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No, Congressional Republicans haven’t become more polarized.

- October 30, 2015
Newly elected Speaker of the House Paul Ryan wields the speaker’s gavel for the first time on Capitol Hill in Washington, Oct. 29, 2015. (Gary Cameron/Reuters)

Has the Republican Party entered an unusually fractious era? That’s the conclusion many are drawing from Rep. John Boehner’s abrupt resignation as Speaker of the House of Representatives, Kevin McCarthy’s equally surprising decision to pull out of the race to replace him, and the tortured negotiations in which Paul Ryan engaged with various factions of the GOP caucus prior to his election as Speaker on Thursday.

As Nate Silver notes at FiveThirtyEight, the Republicans’ difficult fight over who should sit in the speaker’s chair joins other indicators — including the rise of the tea party and two chaotic presidential nomination contests in a row — to make it seem like the party is in disarray.

Common sense suggests that an ideologically diverse party should be more difficult to lead, and political science research agrees. As Hans Noel explains over at Mischiefs of Faction, under the political science theory of “conditional party government,” lawmakers drawn from a heterogeneous party are much more reluctant to grant their leaders power over the agenda than those from a more homogeneous party. Hence, a diverse flock of Congressional sheep can be more difficult to keep in line than a unified one.

But a look at the data suggest that, in fact, the Congressional GOP is no less unified now than at any point since World War II. Political scientists at Voteview.com have archived every Congressional roll-call vote and have employed a data algorithm called “DW-NOMINATE” that uses these votes to place each member of Congress on the primary axis of conflict in American politics at the time. These days, of course, the primary conflict is between liberals and conservatives, and DW-NOMINATE assigns each lawmaker a score on this liberal-conservative scale.

Thus one way to get a sense of the level of internal division among a party’s members of Congress is to examine the extent that scores vary internally by party. As anyone who took (and remembers) AP Stats can tell you, a good measure of a set of numbers’ variation is their standard deviation. (Bear with me if you’re not statistically inclined; this will be over soon.) A party whose roll-call scores exhibit a low standard deviation is relatively unified; higher standard deviations indicate more heterogeneity and (potentially) within-party fractiousness. Of course, these scores capture just one important aspect of intra-party conflict in Congress; there are many others. But they are a good place to start if we are trying to objectively measure within-party polarization, rather than simply reach conclusions with anecdotal evidence.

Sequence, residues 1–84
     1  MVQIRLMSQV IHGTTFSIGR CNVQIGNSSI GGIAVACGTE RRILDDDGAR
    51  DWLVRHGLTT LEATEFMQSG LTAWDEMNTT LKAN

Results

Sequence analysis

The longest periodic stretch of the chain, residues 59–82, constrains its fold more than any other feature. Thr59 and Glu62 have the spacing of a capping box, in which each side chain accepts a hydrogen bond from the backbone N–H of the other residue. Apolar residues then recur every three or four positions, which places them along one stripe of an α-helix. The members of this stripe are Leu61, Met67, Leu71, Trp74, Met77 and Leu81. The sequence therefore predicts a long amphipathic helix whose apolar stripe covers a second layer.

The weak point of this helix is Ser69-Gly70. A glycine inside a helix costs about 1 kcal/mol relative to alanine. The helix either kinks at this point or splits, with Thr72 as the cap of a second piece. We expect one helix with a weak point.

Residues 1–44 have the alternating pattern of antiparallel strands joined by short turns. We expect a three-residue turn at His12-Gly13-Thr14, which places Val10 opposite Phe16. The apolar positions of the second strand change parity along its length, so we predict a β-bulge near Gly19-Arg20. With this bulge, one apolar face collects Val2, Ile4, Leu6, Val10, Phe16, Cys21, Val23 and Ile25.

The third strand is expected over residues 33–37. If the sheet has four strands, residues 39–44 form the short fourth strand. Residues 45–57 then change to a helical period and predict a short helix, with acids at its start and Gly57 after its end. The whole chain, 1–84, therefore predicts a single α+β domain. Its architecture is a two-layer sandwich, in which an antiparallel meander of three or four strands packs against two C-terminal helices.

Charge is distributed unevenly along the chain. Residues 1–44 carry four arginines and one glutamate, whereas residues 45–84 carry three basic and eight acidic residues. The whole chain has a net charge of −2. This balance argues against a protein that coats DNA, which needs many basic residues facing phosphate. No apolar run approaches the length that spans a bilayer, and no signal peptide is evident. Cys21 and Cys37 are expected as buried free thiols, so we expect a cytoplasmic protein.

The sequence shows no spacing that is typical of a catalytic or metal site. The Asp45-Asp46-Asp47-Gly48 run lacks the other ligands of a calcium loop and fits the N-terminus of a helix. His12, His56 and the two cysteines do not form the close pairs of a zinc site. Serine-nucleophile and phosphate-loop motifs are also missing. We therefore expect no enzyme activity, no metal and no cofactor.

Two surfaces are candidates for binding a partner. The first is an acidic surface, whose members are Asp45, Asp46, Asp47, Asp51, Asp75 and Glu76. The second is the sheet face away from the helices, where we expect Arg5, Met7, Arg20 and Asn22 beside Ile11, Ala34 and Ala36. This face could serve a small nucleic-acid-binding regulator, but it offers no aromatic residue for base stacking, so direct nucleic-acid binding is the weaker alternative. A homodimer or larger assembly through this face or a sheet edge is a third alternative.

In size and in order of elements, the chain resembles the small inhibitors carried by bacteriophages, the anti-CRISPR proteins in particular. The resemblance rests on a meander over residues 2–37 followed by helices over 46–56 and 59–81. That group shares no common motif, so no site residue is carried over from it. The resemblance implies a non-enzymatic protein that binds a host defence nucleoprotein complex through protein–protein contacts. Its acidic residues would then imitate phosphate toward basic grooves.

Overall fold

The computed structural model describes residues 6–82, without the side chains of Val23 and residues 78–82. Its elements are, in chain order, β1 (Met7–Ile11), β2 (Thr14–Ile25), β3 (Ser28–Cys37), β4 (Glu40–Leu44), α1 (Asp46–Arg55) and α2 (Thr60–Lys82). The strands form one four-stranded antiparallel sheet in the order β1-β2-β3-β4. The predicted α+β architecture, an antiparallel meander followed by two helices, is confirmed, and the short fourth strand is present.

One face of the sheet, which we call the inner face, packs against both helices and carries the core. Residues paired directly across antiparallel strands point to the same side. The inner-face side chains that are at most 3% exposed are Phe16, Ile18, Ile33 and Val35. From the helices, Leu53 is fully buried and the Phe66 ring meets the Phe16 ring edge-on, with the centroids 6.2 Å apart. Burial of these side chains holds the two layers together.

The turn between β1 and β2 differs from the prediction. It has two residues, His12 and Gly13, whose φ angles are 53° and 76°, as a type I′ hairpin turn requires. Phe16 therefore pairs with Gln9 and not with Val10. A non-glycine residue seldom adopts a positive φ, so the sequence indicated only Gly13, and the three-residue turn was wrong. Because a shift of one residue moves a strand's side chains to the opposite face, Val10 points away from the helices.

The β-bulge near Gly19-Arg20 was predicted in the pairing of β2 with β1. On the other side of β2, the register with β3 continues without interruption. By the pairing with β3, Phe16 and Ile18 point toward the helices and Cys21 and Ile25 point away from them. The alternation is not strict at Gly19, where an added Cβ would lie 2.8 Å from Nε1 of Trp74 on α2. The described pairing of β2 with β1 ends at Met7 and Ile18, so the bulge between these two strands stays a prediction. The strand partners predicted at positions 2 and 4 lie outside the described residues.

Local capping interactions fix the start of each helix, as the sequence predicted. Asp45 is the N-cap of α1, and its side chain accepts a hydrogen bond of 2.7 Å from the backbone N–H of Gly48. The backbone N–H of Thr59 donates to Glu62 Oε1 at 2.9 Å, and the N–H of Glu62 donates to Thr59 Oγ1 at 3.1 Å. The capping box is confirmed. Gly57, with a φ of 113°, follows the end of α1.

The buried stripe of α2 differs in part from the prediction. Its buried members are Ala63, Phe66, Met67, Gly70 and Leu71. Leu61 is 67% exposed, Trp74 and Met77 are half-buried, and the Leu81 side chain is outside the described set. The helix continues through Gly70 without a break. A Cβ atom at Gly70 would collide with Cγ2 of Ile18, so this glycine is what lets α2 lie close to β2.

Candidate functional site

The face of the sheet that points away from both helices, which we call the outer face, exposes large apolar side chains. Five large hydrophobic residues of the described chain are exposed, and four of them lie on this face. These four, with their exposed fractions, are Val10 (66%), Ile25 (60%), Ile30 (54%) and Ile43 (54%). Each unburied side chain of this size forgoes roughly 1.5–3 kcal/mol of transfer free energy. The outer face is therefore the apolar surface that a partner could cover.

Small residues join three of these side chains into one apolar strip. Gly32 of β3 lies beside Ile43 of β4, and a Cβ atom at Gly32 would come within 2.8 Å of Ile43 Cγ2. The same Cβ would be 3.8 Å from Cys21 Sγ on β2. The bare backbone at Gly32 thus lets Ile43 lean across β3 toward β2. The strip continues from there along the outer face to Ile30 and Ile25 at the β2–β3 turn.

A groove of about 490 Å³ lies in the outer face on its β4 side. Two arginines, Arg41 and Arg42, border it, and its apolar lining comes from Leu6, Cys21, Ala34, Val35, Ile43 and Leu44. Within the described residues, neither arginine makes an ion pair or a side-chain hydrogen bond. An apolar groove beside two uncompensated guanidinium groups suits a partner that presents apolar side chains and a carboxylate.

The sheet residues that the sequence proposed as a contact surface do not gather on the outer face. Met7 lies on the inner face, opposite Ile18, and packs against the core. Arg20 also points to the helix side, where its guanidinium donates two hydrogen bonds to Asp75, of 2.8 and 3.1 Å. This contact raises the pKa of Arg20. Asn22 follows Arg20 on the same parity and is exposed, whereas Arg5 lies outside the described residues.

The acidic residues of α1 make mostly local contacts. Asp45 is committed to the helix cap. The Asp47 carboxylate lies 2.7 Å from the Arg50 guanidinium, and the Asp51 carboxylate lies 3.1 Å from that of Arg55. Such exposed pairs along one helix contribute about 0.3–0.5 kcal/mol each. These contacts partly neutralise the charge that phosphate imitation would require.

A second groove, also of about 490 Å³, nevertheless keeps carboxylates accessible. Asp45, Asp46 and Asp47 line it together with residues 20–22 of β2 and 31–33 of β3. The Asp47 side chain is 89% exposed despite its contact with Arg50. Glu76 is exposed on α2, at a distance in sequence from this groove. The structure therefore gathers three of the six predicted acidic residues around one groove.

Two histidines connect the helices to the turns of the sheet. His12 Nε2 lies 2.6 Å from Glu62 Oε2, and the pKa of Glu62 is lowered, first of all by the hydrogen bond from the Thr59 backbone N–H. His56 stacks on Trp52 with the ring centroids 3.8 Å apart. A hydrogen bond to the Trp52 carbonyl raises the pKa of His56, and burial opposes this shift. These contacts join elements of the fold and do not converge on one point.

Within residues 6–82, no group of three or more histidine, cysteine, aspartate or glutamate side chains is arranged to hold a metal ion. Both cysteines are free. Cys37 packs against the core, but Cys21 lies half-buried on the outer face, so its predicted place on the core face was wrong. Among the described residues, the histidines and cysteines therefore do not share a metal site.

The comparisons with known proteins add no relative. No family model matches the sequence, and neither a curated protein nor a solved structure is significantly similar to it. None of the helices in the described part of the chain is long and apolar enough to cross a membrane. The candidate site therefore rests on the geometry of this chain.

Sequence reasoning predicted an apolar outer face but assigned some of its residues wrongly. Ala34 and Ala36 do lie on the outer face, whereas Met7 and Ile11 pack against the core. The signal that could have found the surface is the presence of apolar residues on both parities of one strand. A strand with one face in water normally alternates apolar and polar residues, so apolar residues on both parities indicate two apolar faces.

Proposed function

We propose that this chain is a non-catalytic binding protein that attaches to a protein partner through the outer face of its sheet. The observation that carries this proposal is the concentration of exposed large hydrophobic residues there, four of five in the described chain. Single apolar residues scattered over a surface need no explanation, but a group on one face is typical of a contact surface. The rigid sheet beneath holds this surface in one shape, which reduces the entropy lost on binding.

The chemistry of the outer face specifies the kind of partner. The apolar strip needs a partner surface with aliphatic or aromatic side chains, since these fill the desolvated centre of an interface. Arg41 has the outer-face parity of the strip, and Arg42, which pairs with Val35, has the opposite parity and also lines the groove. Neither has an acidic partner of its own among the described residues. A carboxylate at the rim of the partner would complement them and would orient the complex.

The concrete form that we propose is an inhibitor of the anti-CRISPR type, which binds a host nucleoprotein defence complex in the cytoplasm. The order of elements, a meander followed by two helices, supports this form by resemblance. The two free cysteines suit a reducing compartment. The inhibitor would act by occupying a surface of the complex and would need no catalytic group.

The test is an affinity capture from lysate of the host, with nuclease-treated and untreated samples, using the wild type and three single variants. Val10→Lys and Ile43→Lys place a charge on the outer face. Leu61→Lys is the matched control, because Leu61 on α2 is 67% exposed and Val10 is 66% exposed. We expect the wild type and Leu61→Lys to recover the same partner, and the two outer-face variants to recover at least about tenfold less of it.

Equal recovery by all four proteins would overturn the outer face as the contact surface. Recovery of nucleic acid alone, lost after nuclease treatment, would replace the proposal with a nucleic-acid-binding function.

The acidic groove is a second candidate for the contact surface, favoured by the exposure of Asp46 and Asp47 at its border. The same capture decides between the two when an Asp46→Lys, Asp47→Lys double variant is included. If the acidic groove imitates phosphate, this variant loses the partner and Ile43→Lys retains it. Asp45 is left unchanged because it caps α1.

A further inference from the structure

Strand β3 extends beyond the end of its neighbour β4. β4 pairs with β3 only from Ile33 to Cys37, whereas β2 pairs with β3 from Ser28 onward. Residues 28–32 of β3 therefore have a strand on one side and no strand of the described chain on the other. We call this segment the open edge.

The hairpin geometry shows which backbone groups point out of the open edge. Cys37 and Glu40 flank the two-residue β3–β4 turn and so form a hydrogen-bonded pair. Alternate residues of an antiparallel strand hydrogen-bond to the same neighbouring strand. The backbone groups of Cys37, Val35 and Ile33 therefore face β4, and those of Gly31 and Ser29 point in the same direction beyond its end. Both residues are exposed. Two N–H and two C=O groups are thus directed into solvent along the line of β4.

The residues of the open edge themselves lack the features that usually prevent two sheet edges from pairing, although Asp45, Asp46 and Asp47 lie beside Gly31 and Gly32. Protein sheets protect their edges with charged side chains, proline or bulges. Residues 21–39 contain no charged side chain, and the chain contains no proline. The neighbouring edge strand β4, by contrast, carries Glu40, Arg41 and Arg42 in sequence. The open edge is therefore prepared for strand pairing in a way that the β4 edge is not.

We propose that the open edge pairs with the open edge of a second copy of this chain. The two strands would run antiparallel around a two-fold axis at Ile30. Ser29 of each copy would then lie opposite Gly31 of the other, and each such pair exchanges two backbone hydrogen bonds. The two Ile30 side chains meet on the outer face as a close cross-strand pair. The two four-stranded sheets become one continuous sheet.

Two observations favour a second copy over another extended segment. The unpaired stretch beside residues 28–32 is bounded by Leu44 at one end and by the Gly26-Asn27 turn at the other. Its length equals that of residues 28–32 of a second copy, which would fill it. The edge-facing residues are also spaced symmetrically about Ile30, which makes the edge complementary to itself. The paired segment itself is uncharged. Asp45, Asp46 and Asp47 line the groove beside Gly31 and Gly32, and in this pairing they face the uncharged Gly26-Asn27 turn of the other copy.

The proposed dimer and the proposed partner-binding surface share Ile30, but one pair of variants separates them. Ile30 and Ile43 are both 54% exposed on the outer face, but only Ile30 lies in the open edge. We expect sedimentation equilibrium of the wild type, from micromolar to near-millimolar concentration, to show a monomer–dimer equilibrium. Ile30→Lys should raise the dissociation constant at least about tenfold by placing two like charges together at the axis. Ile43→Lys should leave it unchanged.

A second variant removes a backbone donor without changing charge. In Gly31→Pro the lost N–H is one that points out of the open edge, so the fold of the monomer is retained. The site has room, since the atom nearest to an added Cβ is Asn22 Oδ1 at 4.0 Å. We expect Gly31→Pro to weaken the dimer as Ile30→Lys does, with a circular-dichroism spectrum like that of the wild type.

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In the graph above, I plot the within-party standard deviation of DW-NOMINATE scores among Democratic and Republican members of the House of Representatives from the 80th Congress (elected in 1946) to the present. The steady descent in the variation of Democrats’ scores is unmistakable. This of course is largely due to the fact that the party’s members from the South, who were Democrats in name but conservatives in practice, have been replaced by even more conservative Republicans. What was once a relatively heterogeneous Democratic group is now a more unified (and liberal) party than at any time in recent history.

More remarkable is the essentially flat line tracing the pattern of variation among Republican members of Congress over time. These data say the GOP is no more internally polarized now than it’s been at any time since WWII. The party is certainly less unified than the Democrats: The difference between the two parties’ internal variation now is about the same as it was in the mid-1950s, when the Democrats were the more heterogeneous party.

But compared historically, the Republicans in Congress are not an unusually diverse party.

Those seeking a reason for why the GOP appears to have so much trouble governing lately will need to look beyond the explanation that its members are more internally polarized than usual.